Yesterday’s bit of Trumpazoid Crazy was that Trump issued a statement calling on Republicans to not vote in 2022 and 2024.
“If we don’t solve the Presidential Election Fraud of 2020 (which we have thoroughly and conclusively documented), Republicans will not be voting in ‘22 or ‘24. It is the single most important thing for Republicans to do.” – President Donald J. Trump pic.twitter.com/eZAPCPIUu1
— Liz Harrington (@realLizUSA) October 13, 2021
Oddly, right-wing news sources have been quiet about this. All of the
snarking commentary about it is coming from the left.
Ed Kilgore asks where Trump might go with this.
Will it be enough when every Republican from sea to shining sea is grinding out a Big Lie message like so many cicadas? Will he then stop saying things that might discourage the people listening to this inane noise from voting in 2022 and 2024? Or are his intentions more sinister? Is Trump making it plain that democratic elections are so hopeless that extra-constitutional measures are the only resort?
Trump is, of course, making an impossible demand about the Big Lie. His theories of how he was cheated of a second term are constantly shifting, not to mention ridiculous. He is not going to be “reinstated.” His claims will not be “solved.” So I’m going with “making it plain that democratic elections are so hopeless that extra-constitutional measures are the only resort.”
It’s widely believed that Trump’s whining about a stolen election suppressed Republican votes in the Georgia Senate elections and helped the two Democrats win. Maybe they would have won anyway. But the Republican Party expects to take Congress back in 2022, and encouraging Republicans to not vote to keep Trump happy is probably not part of their plans.
Greg Sargent has another explanation. He points out that, hours after releasing the “don’t vote” statement, Trump called in to a rally in Virginia with an endorsement of the Republican gubernatorial candidate, Glenn Youngkin. If there’s an actual plan here — with Trump, one never knows — it may be that Trump just wants to tighten his leash on the Republican Party. Keep the Big Lie alive, or kiss off your next election.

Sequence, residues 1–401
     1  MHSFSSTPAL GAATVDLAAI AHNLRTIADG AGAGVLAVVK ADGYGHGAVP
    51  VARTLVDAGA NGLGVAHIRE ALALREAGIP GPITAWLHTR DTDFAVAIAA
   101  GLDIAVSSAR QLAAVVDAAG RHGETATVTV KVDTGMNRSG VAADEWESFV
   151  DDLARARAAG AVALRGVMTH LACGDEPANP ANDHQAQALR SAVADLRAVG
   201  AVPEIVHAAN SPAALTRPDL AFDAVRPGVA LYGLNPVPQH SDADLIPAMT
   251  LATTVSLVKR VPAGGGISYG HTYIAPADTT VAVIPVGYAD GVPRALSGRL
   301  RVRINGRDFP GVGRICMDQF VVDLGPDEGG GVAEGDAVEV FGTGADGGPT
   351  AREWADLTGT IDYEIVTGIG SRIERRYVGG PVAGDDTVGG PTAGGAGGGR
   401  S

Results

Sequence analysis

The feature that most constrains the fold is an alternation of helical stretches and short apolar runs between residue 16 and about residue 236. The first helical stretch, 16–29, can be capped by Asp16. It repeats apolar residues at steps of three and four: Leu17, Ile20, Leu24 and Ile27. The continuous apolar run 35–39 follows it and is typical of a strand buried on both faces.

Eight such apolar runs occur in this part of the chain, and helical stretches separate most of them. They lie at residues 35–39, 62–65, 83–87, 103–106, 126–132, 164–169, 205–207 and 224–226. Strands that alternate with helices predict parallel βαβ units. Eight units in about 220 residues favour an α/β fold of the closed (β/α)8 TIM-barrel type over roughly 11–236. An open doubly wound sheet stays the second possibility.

All I can say is — pass the popcorn.
In other news: At the risk of rupturing the time-space continuum, I must say that George Will has written a column that I can endorse. Seriously. He reviews a new biography of Robert E. Lee that completely shreds the the old Lee myths.
Princeton’s Allen C. Guelzo, an eminent Civil War historian, has now published exactly what the nation needs as it reappraises important historical figures who lived in challenging times with assumptions radically unlike today’s. “Robert E. Lee: A Life,” Guelzo’s scrupulously measured assessment, is mercifully free of the grandstanding by which many moralists nowadays celebrate themselves by indignantly deploring the shortcomings of those whose behavior offends current sensibilities. But by casting a cool eye on Lee, Guelzo allows facts to validate today’s removals of Lee’s name and statues from public buildings and places.
I have not read this book myself, but according to Will, Guelzo portrays Lee as less than a man of honor than one who was mostly concerned about losing his wife’s Arlington property if he didn’t fight for Confederate Virginia. He was also utterly, callously oblivious to the human suffering caused by slavery. Plus Lee appears to have been a bore with no intellectual interests.
The part about the Arlington property rings true to me. Years ago I read a book titled The Lees of Virginia: Seven Generations of an American Family by Paul Nagel. It traces the fortunes of the Lee family from the first Lee to set foot in North America to the life of the fabled Bobby Lee. As I remember it: Lee’s father, Henry Lee III, aka “Light-Horse Harry,” must have had some serious addictions. He inherited a fortune and burned through that, plus the fortunes of two wives. Whether he did this through financial speculation or plain old gambling wasn’t entirely clear.
As Harry’s first wife was dying, the family was living in the estate she had inherited from her wealthy family. Wife #1 (a second cousin and also a Lee) arranged for the estate to be held in trust for her children so that Harry couldn’t sell it. She was on to him, I take it. It got to a point he was so broke he began selling paintings and furniture and even wine in the wine cellar to keep up appearances. Then he started “borrowing” horses from his rich relatives; he would sell the horse and then report it had run away, or was stolen. Then he tried the same thing with his relatives’ slaves, but one got away and blabbed about what had happened to him. Wife #2, Robert E.’s mother, also was very wealthy, but by the time Robert E. was 2 years old her money was gone, and Harry spent a year in debtor’s prison. Mrs. Lee took Robert and an infant daughter and went to live with her parents, on a plantation near Arlington. Harry did not follow but spent much of the rest of his life in a kind of self-exile in the Caribbean.
So it was that little Bobby Lee grew up in the elite Virginia plantation class but not entirely of it, since he had no money of his own. He was a very privileged charity case. As I recall, he decided to go to West Point for his education because it was free; he didn’t have to ask anyone for money to pay for it. Then he married into the wealthy Custis family of Arlington; his wife was a great-granddaughter of Martha Custis Washington. So through his wife’s fortune he finally had something of his own. It makes complete sense to me that keeping his property in Arlington was more important to him than defending his country. I got the impression from the book that being a respected member of the plantation class was the driving force in Robert E.’s life.